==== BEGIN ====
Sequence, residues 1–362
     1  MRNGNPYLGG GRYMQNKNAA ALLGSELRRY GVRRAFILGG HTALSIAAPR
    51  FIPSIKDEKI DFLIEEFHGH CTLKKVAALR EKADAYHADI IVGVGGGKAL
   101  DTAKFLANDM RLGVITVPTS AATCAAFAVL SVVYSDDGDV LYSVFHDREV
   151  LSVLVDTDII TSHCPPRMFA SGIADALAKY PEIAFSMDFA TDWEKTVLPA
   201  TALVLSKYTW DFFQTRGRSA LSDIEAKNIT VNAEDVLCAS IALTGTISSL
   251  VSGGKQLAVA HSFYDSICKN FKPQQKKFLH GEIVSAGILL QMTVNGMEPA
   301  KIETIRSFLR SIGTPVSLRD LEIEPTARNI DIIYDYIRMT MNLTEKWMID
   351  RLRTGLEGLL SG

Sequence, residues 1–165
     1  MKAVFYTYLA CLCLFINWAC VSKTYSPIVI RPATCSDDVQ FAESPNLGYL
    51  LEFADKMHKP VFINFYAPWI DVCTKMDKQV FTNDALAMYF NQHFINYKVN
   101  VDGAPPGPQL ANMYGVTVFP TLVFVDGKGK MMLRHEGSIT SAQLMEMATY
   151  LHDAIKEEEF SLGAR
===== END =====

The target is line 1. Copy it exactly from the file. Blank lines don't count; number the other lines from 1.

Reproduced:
Sequence, residues 1–362